– Photograph Apollo Pazell addressing the town council (This happened fast. Just one minute of photography).
– Edit and send Pazell photos from car.
– Arrive home with 15 minutes left on shift.
– Realize I haven’t edited the quarterback photos.
– Edit and send quarterback photos.
– Off duty with three minutes to spare.

Total miles driven: 236
Total shift time: 8.5 hours
Total time spent photographing: 29 minutes
Total time spent in the car: Don’t want to think about it.

So there you go. One day in August working for the big paper. That’s often how the job is. Three assignments that, while not thrilling, are important. You get what you can and you move on to the next. The real magic of the job is that tomorrow’s another day. Everything resets and you never know where or what your next shoot will be.

From 2007: Crandall Canyon Coal Mine Composites


August 8, 2007 – Crandall Canyon coal mine owner Bob Murray leads reporters on a tour of the facility two days after a colossal failure in the mine trapped six miners.

Yeah, still a year behind. Yeah, still haven’t had time to ditch PhotoShop’s built-in Photomerge for something better. Just look at the cracks in these, which showed up after I downsized from the original high-res. At least the cracks are educational, showing you where the breaks are. (They’re not visible in the high-res files.)

The bottom photo is made up of 24 eight megapixel photographs, and shows the entire mine complex with a bit of a bow from the wide angle distortion. Weighs in at 204 detail-loaded megabytes.

In Remembrance, 2000 Balloons

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Kristin Kimber, whose ex-husband Brandon was one of three killed rescuers in the Crandall Canyon Mine rescue attempt, leads the release of 2,000 balloons on the one-year anniversary of an implosion that killed three rescuers and injured six others trying to reach six trapped miners.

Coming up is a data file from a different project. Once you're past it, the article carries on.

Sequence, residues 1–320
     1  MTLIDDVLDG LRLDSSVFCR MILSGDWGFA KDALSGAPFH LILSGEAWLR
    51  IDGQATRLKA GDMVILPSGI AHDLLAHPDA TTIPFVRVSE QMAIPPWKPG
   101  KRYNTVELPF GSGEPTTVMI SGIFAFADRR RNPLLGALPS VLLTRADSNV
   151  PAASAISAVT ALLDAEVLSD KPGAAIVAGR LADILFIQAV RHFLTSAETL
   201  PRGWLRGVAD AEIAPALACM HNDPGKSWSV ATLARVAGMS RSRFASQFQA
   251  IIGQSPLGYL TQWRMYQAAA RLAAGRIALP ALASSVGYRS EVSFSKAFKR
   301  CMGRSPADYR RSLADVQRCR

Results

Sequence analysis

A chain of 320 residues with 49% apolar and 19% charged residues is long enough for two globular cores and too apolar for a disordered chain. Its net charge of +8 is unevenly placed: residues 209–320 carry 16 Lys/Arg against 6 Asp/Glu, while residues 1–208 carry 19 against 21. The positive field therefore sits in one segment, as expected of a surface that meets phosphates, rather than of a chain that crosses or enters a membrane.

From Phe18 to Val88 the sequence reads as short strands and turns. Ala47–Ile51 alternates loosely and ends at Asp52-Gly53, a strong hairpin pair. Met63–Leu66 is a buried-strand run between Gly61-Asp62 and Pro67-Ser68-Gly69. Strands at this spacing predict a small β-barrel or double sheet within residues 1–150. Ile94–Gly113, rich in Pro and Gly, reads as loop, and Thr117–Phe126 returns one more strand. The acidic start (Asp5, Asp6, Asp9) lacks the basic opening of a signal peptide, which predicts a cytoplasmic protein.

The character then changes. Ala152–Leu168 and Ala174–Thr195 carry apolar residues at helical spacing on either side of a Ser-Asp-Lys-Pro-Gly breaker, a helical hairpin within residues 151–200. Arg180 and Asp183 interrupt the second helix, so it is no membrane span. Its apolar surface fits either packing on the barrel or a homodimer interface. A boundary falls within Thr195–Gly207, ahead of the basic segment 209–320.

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For the thirty minutes leading up to this balloon release, I circled the crowd trying to find the best angle. The balloons looked best backlit, but the sun was very low and it didn’t look workable. I ended up on the stage as Kimber made an emotional speech and then led the crowd in the release. I help down the shutter as everything went nuts, not knowing what I was getting. Ten seconds later it was all over.

I looked down and Kimber was embracing Wende Jacobson as the balloons vanished into the sky:

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Salt Lake City – Gabriel Hernandez (left) and Humberto Amaya put on their traditional costumes and headress before taking the stage to perform as Aztec dancers at the Hispanic Fiesta Days in Washington Square Thursday, August 14, 2008.

It’s just a photo today. I don’t have any witty stories (about how we almost didn’t get a photo out of this event but then we did). And I don’t have any technical advice (about how I used an off-camera strobe with a LightSphere defuser wirelessly off to the left to softly punch up the scene). I especially don’t have any worthwhile behind the scenes details (like how I sent in the photo from my car with just four minutes left on my shift while watching the first episode of season 5 of The Wire). And I certainly don’t have any funny Utah stories (like how I heard that the photo is running on the page right next to a story about Bountiful city banning employee tattoos).

“When a police officer shows up, you don’t want to see a Nazi tattoo on their forehead or a ring around their nose,” Bountiful City Manager Tom Hardy said.

No, nothing hilarious here today.

Nordic Combined — Five Months Later

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Winners podium at the Nordic Combined US National Championships at Soldier Hollow, Saturday, March 15, 2008. Left to right: 3rd place- Eric Camerota, 1st place- Bill Demong, 2nd place – Johnny Spillane.